A recent study has shown a link between the consumption of antioxidant vitamins and an increase in the spread of skin cancer in the studies participants. Additionally, intake of these supplements has also been shown to increase the spread of lung cancer.
New research from the University of Gothenburg in Sweden suggests that people who take antioxidant vitamins regularly are twice as likely to experience an increase in their melanoma metastasis. Martin Bergö, a professor at Gothenburg’s Sahlgrenska Academy, led a team of researchers in studying the potential effects of antioxidants on the spread of lung cancer cells in the body.
One study conducted on mice showed that antioxidant supplementation actually doubled the rate their cancer metastasised. In addition to the spread of the cancer, the mice also developed more tumors that posed a greater threat to their life. Many people know the benefits antioxidants provide in protecting against cancer so why would it cause it to spread?
Bergö explained that contrary to earlier studies on lung cancer, the initial tumor was not affected by antioxidants, but the supplements enhanced the ability of cancer cells to spread throughout the body. This is considered to be a more serious health issue as metastasis is one of the primary causes of death in melanoma cases. Bergö added that the initial tumor is not as dangerous compared to the resulting more aggressive tumors from antioxidants and it is often removed.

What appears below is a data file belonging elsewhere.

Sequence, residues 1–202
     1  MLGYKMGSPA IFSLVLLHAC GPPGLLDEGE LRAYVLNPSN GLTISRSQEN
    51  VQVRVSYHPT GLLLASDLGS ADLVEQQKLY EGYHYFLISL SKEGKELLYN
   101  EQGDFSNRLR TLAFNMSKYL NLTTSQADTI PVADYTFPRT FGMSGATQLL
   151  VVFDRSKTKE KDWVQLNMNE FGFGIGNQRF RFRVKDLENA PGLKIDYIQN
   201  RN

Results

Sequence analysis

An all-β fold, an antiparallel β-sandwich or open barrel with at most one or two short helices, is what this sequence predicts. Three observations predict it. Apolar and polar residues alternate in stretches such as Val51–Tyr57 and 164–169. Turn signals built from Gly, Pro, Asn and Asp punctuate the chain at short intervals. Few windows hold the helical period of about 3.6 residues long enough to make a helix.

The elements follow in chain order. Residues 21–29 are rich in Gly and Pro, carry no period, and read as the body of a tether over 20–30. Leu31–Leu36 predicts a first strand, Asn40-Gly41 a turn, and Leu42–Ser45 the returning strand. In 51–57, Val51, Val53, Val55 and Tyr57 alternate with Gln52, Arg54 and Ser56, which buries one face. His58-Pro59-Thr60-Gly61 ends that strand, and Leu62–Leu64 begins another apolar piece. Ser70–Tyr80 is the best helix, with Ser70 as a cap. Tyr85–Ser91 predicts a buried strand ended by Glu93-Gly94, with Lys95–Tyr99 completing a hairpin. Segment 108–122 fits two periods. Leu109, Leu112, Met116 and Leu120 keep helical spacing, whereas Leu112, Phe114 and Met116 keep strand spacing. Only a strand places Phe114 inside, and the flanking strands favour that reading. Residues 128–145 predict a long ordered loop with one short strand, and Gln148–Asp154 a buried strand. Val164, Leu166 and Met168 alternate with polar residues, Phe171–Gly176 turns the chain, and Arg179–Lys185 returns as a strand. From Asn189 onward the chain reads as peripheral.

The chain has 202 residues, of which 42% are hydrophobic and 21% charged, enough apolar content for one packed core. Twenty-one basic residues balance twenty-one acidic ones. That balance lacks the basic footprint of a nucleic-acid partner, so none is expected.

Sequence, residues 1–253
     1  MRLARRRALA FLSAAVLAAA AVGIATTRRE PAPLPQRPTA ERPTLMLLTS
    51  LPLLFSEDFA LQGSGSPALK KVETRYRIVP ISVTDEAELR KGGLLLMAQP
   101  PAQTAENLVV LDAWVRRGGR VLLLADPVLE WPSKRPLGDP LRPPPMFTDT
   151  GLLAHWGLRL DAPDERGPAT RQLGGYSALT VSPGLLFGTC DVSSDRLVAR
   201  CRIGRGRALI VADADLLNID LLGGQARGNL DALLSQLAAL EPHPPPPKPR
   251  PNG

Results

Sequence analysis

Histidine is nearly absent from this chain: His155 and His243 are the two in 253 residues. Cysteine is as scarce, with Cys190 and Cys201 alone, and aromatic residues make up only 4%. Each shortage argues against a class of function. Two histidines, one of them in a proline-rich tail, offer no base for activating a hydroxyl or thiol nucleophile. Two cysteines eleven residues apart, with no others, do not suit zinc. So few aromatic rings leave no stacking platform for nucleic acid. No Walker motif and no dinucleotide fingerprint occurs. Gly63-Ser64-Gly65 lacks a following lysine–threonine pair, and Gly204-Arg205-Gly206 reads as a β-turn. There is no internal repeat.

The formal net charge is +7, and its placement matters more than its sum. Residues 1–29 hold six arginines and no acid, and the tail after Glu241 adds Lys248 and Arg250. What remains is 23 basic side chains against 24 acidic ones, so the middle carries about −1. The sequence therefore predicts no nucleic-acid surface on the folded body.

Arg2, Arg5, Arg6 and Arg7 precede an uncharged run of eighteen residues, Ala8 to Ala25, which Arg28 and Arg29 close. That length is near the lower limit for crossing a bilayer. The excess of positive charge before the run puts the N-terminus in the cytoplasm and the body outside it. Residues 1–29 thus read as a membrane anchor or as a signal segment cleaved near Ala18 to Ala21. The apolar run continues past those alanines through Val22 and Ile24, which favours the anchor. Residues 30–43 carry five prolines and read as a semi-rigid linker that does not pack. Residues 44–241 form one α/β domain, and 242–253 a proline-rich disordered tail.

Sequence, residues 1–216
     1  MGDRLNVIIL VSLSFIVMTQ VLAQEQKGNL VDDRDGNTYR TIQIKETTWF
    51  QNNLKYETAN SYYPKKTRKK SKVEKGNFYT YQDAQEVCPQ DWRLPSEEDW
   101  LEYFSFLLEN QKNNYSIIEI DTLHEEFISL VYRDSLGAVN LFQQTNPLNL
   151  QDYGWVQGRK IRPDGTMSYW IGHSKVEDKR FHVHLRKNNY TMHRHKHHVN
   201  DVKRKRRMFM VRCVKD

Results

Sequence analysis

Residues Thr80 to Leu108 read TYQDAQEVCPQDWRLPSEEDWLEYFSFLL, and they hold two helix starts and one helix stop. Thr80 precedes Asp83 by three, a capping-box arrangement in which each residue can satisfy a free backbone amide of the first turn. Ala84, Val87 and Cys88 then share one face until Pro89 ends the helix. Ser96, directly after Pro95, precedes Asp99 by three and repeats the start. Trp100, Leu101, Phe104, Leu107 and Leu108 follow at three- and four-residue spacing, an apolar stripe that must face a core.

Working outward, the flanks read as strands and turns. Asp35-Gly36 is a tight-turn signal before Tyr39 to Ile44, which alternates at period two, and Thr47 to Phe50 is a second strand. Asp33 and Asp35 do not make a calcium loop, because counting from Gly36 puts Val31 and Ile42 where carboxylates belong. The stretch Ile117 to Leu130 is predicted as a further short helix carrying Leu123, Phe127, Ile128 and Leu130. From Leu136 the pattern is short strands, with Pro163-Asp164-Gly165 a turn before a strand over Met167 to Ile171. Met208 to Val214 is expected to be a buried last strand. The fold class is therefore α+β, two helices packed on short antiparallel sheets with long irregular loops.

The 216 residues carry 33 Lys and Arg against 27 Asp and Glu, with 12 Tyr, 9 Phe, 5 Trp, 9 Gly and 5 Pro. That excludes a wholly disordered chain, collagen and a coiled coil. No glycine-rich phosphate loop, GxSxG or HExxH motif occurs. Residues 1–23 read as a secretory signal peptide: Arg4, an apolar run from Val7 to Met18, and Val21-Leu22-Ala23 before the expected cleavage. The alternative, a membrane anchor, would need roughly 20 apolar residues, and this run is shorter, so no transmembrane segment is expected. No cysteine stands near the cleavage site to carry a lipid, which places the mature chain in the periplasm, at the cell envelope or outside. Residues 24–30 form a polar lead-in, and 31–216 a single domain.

Unfortunately this was then seen in the patients with malignant cancers of different types. Numerous studies were reviewed and the take home message is that antioxidants do have protective effects against free radicals which can make cells cancerous, however, they can also work to protect cancer cells once a tumor has already developed.
The recent findings were later confirmed through tests on cell cultures taken from patients with malignant cancers. The researchers were able to show that antioxidant supplements hasten the development of melanoma in two different ways.
Unfortunately many cancer patients turn to antioxidant supplements due to its popular anti-cancer label. Not only could this be doing more harm than good but there is also research to indicate that it may make cancer treatments less affective as well.
Previous research at Sahlgrenska Academy has indicated that cancer patients are particularly prone to take supplements containing antioxidants,” Bergö pointed out. “Our current research combined with information from large clinical trials with antioxidants suggests that people who have been recently diagnosed with cancer should avoid such supplements.
We also need to be cautious of non-dietary or supplemental sources of antioxidants such as skin lotions.
According to the Gothenburg study, it is important to explore the role of antioxidants in melanoma cases not only because cells from this particular type of cancer are sensitive to free radicals but because they can also be exposed to antioxidants through non-dietary means.
Bergö said that suntan lotions and skin lotions may sometimes include vitamin E or beta carotene, which could produce the similar effects on melanoma cells as antioxidants contained in nutritional supplements.